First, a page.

Re: Taking a slightly different tone

Subject: Re: Taking a slightly different tone
From: voxwoman <voxwoman -at- gmail -dot- com>
To: Keith Hood <klhra -at- yahoo -dot- com>
Date: Fri, 18 Sep 2009 14:15:24 -0400

I have had some tiny experience with VO work, both on the voice talent end
and the studio engineering and production end. It takes about 1.5 minutes to
read one page of material using 12 point (Times New Roman) type and 1 1/2
line spacing. That's the finished time - not how long it takes you to record
it.

Your rates should reflect what it is you are actually going to be doing. Are
you "simply" appearing in a studio, and speaking into a microphone? Or are
they expecting you to be your own recording engineer as well? If the latter,
do you have "decent equipment"? Decent equipment these days is a lot cheaper
than you think - you can do very acceptable VO work with a good MP3-type
recorder (such as the M-Audio stereo recorder that records on compact flash
cards) and using your car as the sound booth (the acoustics in a car parked
in a quiet neighborhood are quite similar to a recording booth).

I did VO for a video game (a "fan module" for the NeverWinter Nights 2
computer game). There was no pay involved. I recorded maybe 4 pages of
dialog. It took me probably 8 hours to record something I was happy with and
another 16 to process the sound files.

My husband did some freelance VO work for an answering machine (they needed
an "American" voice). He read 3 or 4 paragraphs - literally "phoning it in"
-- it took him less than 30 minutes and he got $75 for the gig.

Other vocal work that I did (recording a Cher imitation vocal for some sales
meeting) took much longer, and I also had to re-write the lyrics so that
they scanned properly with the song (the version I was handed did not). I
spent a full day in the studio, doing many takes, and I was paid $300. The
finished product was three and a half minutes in length.

Good luck with your negotiations

-Wendy
www.sheridanmultimedia.com

On Fri, Sep 18, 2009 at 11:21 AM, Keith Hood <klhra -at- yahoo -dot- com> wrote:

> This post may be a waste of time but I can't think of anyone better to
> ask...
>
> I've been asked to provide a quote for doing some voice recording work, for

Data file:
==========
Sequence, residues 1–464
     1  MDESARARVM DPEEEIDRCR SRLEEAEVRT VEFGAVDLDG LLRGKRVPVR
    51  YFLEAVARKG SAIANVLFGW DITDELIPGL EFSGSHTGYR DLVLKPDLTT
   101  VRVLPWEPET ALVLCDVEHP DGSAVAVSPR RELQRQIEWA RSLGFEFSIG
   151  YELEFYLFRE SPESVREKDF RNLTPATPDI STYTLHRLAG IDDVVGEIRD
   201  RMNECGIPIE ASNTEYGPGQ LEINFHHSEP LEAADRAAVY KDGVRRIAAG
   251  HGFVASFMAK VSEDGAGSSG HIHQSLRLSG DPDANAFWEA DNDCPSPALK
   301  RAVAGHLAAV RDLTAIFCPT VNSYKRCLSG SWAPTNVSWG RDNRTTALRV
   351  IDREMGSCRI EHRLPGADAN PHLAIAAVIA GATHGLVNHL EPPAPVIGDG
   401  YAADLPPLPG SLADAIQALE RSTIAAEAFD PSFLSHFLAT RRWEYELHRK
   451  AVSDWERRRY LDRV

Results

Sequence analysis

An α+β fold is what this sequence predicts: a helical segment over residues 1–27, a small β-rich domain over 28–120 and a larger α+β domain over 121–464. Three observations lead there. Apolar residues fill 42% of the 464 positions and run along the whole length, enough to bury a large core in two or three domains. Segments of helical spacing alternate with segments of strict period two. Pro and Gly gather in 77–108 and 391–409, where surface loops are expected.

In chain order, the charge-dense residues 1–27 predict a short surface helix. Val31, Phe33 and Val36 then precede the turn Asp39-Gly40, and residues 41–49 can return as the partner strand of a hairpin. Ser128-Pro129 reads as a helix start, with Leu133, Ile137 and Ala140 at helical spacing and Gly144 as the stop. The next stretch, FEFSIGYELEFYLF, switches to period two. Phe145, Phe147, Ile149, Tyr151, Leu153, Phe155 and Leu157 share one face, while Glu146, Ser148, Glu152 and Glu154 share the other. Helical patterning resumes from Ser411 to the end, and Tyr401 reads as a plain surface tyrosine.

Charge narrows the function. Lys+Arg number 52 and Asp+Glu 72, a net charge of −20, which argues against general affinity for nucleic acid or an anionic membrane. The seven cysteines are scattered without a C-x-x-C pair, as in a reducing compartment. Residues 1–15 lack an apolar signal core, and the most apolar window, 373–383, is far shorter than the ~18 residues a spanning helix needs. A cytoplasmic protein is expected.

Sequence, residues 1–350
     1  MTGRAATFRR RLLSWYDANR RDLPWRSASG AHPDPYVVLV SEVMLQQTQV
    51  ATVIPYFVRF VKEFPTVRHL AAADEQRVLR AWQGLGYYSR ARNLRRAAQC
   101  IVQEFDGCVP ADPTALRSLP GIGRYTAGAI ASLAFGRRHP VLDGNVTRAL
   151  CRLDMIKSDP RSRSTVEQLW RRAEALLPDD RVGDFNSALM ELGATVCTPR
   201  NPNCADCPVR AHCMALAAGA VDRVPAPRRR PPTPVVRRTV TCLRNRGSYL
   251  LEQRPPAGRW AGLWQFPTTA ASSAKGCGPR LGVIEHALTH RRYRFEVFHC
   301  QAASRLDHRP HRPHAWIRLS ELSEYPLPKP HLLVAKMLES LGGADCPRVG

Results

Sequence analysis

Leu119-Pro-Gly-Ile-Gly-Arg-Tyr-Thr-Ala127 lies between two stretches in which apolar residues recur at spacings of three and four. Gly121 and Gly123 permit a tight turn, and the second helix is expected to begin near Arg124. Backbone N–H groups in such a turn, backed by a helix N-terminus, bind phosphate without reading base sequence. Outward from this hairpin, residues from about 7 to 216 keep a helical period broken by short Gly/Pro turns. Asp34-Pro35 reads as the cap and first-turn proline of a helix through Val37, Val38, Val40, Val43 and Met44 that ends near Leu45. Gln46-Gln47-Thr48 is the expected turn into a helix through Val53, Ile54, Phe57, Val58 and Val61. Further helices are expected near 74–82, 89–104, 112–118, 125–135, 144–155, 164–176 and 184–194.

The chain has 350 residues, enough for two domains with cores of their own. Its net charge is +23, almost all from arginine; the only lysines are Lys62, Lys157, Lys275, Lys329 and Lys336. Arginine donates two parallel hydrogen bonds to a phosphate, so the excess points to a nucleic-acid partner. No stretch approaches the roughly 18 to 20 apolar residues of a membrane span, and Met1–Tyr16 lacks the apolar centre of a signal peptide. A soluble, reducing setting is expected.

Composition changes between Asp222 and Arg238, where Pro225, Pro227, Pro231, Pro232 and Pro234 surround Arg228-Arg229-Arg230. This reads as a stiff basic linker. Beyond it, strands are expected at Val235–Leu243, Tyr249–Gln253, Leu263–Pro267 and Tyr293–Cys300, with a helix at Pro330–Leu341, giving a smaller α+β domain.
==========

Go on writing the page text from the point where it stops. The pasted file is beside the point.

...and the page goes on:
> a company that is fielding some web-distributed training. I'm told it would
> probably be about 8 hours' work.
>
> I have gone online and researched the going rates for voice work, and they
> are frightening. Apparently it's normal to charge by the *second* at rates
> like $200 for a 30-second gig. I and the people doing the training materials
> have no experience in this and I'm pretty sure asking for $100 for each 15
> seconds is a good way to scare them off.
>
> So, what do you think would be a good rate? This came to me through a
> friend who is working form that company as a technical writer, and most
> likely the company is thinking of paying for the voice work in the same
> manner as her. They're probably thinking of an hourly rate in the same
> neighborhood. If I got a new gig as a tech writer I certainly wouldn't be
> making money by the second on it, and I have nothing better to do right now.
>
> I have to get back to them by 3 this afternoon, so if you open this message
> for the first time after that, you may as well not waste your time replying.
> Unless you just feel like throwing something out on general
> Friday-whathtebleep principles.
>
>
>
>
> ^^^^^^^^^^^^^^^^^^^^^^^^^^^^^^^^^^^^^^^^^^^^^^^^^^^^^^^^^
>
> Free Software Documentation Project Web Cast: Covers developing Table of
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Free Software Documentation Project Web Cast: Covers developing Table of
Contents, Context IDs, and Index, as well as Doc-To-Help
2009 tips, tricks, and best practices.
http://www.doctohelp.com/SuperPages/Webcasts/

Help & Manual 5: The complete help authoring tool for individual
authors and teams. Professional power, intuitive interface. Write
once, publish to 8 formats. Multi-user authoring and version control! http://www.helpandmanual.com/

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References:
OT: Cheese or font?: From: Stuart Burnfield
Taking a slightly different tone: From: Keith Hood

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